FlightSimLabs’ A320 expansion pack includes bundled in password-stealing malware as a form of DRM.
The controversy came to light when a user on Reddit reported that FSLabs’ A320 installer had the file 'FSLabs_A320X_P3D_v220.127.116.11.exe', inside which there’s another application simply dubbed ‘test.exe’. This second executable is, in fact, a ‘Chrome Password Dump’ tool, accessing the web browser’s stored passwords and dumping them to a text file. Yep, you heard that right, a developer bundled in malware into its own game in order to combat piracy.
Understandably, flight sim fans weren’t too pleased with this and FSLabs quickly responded, saying “‘Test.exe’ is part of the DRM and is only targeted against specific pirate copies of copyrighted software obtained illegally.” More specifically, the malware targets specific serial numbers that have been identified as pirate copies currently being shared on torrent sites. If the serial number used lines up with FSLabs’ list of pirated keys, the installer then runs ‘Test.exe’ and dumps the Chrome passwords and displays them in a readable format. According to information security specialists Fidus, this text file is then encoded with Base64.exe then sent over an unsecured HTTP connection.
As the malware apparently only targets pirates, FSLabs suggest that these tools will not “reveal any sensitive information of any customer who has legitimately purchased our products. We all realize that you put a lot of trust in our products and this would be contrary to what we believe.”
It's not difficult to come to the conclusion that this is an absolutely insane way of doing things. The very fact it’s covert means it doesn’t act as a deterrent to piracy itself, and what exactly does FSLabs into to do with the information it has harvested? They then proceed to attempt to shift the entire blame onto the Reddit user who brought it to light, claiming “The only reason why this file would be detected after the installation completes is only if it was used with a pirate serial number (not blacklisted numbers).”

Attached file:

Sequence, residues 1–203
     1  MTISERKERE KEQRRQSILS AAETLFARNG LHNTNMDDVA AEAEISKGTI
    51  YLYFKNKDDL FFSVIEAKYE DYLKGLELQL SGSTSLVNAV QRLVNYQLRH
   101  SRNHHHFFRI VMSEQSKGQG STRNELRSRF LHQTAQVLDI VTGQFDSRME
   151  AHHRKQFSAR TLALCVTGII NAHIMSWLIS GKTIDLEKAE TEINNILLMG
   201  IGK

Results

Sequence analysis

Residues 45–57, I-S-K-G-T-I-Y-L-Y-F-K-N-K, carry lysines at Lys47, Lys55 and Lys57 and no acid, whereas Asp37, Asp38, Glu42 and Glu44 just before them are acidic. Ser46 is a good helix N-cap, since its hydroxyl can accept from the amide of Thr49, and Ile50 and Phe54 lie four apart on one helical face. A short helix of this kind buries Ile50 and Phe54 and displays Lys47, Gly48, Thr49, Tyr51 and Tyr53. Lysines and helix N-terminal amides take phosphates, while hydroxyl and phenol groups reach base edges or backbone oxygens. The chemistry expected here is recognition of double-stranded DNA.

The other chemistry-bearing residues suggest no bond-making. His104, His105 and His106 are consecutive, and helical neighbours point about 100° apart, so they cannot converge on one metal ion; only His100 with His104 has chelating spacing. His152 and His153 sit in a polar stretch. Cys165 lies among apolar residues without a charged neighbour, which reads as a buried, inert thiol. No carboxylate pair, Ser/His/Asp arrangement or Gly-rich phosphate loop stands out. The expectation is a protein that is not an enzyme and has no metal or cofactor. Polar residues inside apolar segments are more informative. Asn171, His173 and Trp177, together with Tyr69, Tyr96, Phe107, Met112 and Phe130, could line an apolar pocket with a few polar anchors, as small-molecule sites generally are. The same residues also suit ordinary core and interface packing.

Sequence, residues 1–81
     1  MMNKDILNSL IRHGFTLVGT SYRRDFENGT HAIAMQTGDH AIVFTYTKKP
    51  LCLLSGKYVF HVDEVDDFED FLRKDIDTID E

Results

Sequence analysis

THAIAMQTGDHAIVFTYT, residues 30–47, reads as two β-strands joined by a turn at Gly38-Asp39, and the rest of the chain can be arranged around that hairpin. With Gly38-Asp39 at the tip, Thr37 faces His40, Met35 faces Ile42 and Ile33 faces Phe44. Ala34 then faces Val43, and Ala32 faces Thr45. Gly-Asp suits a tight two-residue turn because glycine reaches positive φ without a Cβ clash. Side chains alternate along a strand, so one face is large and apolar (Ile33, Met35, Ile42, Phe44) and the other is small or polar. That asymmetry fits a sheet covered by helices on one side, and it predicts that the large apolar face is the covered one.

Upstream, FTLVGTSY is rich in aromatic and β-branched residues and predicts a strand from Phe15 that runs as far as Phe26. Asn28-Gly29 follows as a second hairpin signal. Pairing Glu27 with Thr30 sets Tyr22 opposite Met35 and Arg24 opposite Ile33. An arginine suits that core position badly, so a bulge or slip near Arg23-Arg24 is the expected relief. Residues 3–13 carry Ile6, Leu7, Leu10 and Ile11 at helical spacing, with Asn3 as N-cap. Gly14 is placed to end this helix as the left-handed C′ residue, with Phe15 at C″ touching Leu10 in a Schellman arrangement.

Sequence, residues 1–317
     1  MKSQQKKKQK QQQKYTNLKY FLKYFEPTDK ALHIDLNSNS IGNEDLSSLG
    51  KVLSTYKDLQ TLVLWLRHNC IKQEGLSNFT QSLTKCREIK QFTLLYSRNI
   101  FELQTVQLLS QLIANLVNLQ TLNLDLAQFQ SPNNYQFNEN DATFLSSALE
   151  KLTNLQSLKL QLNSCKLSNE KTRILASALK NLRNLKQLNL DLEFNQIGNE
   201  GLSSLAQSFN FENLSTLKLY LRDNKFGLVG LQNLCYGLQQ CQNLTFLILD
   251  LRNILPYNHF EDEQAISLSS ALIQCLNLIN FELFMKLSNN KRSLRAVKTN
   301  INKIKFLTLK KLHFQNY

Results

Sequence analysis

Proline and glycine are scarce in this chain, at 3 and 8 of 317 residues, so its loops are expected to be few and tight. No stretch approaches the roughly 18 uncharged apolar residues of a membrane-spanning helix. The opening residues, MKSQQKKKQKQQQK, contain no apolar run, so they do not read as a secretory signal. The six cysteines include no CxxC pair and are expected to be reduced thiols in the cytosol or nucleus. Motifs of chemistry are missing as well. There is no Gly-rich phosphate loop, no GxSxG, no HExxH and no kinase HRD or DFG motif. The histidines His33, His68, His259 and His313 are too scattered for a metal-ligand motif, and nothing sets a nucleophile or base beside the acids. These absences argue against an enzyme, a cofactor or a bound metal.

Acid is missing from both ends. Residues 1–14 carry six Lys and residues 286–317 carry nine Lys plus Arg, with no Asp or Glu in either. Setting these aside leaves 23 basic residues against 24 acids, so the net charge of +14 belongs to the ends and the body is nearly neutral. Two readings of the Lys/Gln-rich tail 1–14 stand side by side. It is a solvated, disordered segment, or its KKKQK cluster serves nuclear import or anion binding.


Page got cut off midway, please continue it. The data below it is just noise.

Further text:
Since the malware came to light yesterday, FlightSimLabs has issued a more extensive policy and updated the installer so it doesn’t include the “DRM check file”. In a statement, the FSL team said it wants “to reiterate and reaffirm that we as a company and as flight simmers would never do anything to knowingly violate the trust that you have placed in us by not only buying our products but supporting them and FlightSimLabs.
“While the majority of our customers understand that the fight against piracy is a difficult and ongoing battle that sometimes requires drastic measures, we realize that a few of you were uncomfortable with this particular method which might be considered to be a bit heavy handed on our part.”
On the one hand I’m perfectly fine with developers messing with pirates, but password stealing is on another level entirely for a legitimate business. Not to mention that this malware was in the installer for legitimate users, it just wasn’t being utilised if they had a verified CD key.
What are your thoughts on this, is this a step too far for DRM? Was it right to bundle it in for legitimate users, even if the malware was benign? Let us know what you think!